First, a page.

Why I picked it up: Philanthropy is changing rather dramatically, with more donors expecting evidence of impact before making (or repeating) gifts. One outgrowth of this shift is "impact investing," where a donor isn't a donor at all, but an investor … an investor that expects returns both mission-related and financial.
What you need to know: First, the terminology. The Global Impact Investing Network (GIIN) defines impact investing as "investments made into companies, organizations, and funds with the intention to generate social and environmental impact alongside a financial return."
An impact investor would thus look at a for-profit company through the exact same lens as a nonprofit. The investment choice would be the entity that can return the most bang for the buck, via both impact and financial returns.
Now, to this particular report, The Center for Effective Philanthropy surveyed 64 CEOs of private US foundations that give at least $10 million/year. Note, this is not a big sample size, so a grain of salt is prudent. (And it only covers foundations; impact investing is on the rise among individuals with high net worth as well.)
That being said, 41% of respondents said their foundations were already practicing some form of impact investing. That seems like a lot, but when it comes to dollars, it is pretty tiny. The median amount going towards impact investing was less than 1% of program/grant budgets. The median amount of endowment funds being used for impact investing was 2%.
Are you confused now? I had to sort it out as well. The thing with impact investing is that it is malleable. The returns are both mission-related impact and financial. Thus, a proposal for an impact investment could be categorized as a program/grant expense because of the mission-related impact. Or it could be categorized as part of the endowment because of the financial return. Heck, I suppose some foundations could say their investment is in some part both.
The future of impact investing appears to be growth. Foundations practicing impact investing reported that it was a relatively new venture for them, but that they were seeking to increase their financial commitment to it. To date, however, the actual financial commitment of foundations to impact investing is small.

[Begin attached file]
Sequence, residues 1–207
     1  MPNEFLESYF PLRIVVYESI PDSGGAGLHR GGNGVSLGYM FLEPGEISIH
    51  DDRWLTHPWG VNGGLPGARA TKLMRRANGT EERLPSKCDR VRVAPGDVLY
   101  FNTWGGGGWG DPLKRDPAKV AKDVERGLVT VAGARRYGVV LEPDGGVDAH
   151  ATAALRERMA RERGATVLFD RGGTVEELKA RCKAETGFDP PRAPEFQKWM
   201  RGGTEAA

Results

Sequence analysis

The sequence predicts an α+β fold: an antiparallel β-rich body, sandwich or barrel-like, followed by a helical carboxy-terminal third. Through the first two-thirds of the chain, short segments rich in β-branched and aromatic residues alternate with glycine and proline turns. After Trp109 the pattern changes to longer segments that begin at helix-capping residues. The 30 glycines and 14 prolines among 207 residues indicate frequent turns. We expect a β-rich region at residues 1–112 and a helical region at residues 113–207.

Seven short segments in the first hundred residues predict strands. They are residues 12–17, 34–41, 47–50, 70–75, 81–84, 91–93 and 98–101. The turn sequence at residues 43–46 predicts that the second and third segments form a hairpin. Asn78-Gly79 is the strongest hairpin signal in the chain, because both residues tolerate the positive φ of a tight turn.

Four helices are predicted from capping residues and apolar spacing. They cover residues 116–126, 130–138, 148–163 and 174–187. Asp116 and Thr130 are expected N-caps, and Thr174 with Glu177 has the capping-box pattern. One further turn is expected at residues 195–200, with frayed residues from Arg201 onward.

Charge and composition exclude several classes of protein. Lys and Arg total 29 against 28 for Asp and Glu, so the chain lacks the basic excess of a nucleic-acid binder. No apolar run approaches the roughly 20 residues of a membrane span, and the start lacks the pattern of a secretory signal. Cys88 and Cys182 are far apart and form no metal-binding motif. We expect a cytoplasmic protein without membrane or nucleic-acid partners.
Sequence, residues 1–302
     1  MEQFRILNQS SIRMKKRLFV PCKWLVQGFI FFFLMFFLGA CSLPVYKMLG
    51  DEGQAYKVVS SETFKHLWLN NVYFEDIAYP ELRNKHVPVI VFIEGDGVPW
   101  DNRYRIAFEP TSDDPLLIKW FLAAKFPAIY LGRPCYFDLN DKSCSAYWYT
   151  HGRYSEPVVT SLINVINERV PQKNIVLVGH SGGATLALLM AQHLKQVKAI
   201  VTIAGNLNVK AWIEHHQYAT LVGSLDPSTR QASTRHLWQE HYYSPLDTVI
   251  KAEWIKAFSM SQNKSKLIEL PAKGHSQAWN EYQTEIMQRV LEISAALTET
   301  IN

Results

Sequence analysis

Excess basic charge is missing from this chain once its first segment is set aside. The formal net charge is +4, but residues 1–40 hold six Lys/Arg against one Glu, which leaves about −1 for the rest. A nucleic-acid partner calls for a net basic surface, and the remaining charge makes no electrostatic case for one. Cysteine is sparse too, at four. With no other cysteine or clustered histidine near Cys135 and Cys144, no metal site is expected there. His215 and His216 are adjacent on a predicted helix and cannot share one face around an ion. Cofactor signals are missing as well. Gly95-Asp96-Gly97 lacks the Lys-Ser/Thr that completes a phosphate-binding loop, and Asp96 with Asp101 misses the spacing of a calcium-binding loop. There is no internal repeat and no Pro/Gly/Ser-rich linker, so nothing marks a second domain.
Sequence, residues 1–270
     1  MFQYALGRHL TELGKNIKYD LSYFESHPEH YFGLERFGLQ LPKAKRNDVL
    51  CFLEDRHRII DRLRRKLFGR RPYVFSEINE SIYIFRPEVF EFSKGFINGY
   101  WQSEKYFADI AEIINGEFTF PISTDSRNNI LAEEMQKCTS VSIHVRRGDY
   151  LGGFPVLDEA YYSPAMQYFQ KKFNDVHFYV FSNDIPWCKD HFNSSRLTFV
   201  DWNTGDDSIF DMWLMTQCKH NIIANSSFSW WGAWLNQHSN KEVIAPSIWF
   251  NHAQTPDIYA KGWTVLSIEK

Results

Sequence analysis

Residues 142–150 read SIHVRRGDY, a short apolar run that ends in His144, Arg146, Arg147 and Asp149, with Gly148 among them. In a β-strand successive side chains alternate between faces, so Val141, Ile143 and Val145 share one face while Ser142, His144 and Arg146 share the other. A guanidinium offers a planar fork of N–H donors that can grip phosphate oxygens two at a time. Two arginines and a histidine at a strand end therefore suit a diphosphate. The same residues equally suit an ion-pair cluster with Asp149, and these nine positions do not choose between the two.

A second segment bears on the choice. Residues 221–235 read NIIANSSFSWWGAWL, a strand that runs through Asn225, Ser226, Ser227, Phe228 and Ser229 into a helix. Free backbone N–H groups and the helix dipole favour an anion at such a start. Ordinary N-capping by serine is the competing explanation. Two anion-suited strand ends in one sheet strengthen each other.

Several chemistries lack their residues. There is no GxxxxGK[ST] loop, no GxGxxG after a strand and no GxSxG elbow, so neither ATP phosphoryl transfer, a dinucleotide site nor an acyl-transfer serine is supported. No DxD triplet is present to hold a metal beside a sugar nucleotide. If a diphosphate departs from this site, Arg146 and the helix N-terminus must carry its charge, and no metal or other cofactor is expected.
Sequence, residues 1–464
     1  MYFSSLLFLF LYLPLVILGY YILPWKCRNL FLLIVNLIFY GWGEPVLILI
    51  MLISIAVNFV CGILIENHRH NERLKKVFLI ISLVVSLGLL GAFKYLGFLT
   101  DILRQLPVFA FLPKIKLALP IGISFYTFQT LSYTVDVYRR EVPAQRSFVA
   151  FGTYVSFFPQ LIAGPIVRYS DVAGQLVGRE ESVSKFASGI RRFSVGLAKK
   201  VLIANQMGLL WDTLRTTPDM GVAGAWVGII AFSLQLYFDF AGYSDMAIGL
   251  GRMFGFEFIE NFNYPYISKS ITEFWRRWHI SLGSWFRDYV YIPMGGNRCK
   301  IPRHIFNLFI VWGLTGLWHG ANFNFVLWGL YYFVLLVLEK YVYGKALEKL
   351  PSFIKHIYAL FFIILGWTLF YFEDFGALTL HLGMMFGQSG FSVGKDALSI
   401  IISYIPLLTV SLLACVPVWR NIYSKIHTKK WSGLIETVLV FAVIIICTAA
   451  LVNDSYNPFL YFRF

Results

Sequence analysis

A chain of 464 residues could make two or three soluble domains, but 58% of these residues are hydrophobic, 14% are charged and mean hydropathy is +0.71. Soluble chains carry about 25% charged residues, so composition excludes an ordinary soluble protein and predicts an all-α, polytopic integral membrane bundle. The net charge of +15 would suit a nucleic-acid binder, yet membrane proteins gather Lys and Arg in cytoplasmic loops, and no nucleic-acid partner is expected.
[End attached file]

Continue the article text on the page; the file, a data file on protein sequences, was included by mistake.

Note: the report also explored negative screening, or the practice of reviewing companies that endowment funds are invested in for red flags in conflict with their missions. Such as an environmental organization choosing not to invest in fossil-fuel companies. To be honest, I wasn't terribly interested in this part of the report and only skimmed it.
Implications for museums: Based on this report, this seems to be something to be aware of, and to consider if you have the right project. Impact investing may accelerate dramatically over the next few years … or stabilize at a relatively small portion of foundation allocations. I'll keep monitoring it and share new information going forward.
What concerns me more, however, is the bigger shift towards impact-based philanthropy. That's when foundations and donors expect far greater evidence of impact than museums have historically been prepared to supply (much less compete on). This trend appears to be accelerating much more rapidly, with far more dollars at stake. For museums to respond they need to invest more in measuring and understanding their lifelong impact on individuals and communities, and how they can deliver that impact more effectively than other choices.
Read or skip? Skip. Honestly, this report was difficult to read. While they took pains to define terms, it still ended up a being a bit of a muddle and I had to work to sort out what they meant. This may, in some part, be a reflection of how new impact investing is. But unless this is something you are seriously considering for your museum, skip. I'll keep looking for better resources.
Full citation: "Investing and Social Impact: Practices of Private Foundations." Research report published by The Center for Effective Philanthropy. Released 2015.
Have a suggestion for my reading list? Email it to me at susie (at) wilkeningconsulting (dot) com.
I respectfully acknowledge that I live and work on the lands of the Duwamish people, whose ancestors have lived here for generations. I thank them for their ongoing care of this land, and I endeavor to help museums bring forward a more complete and inclusive history and culture in their work.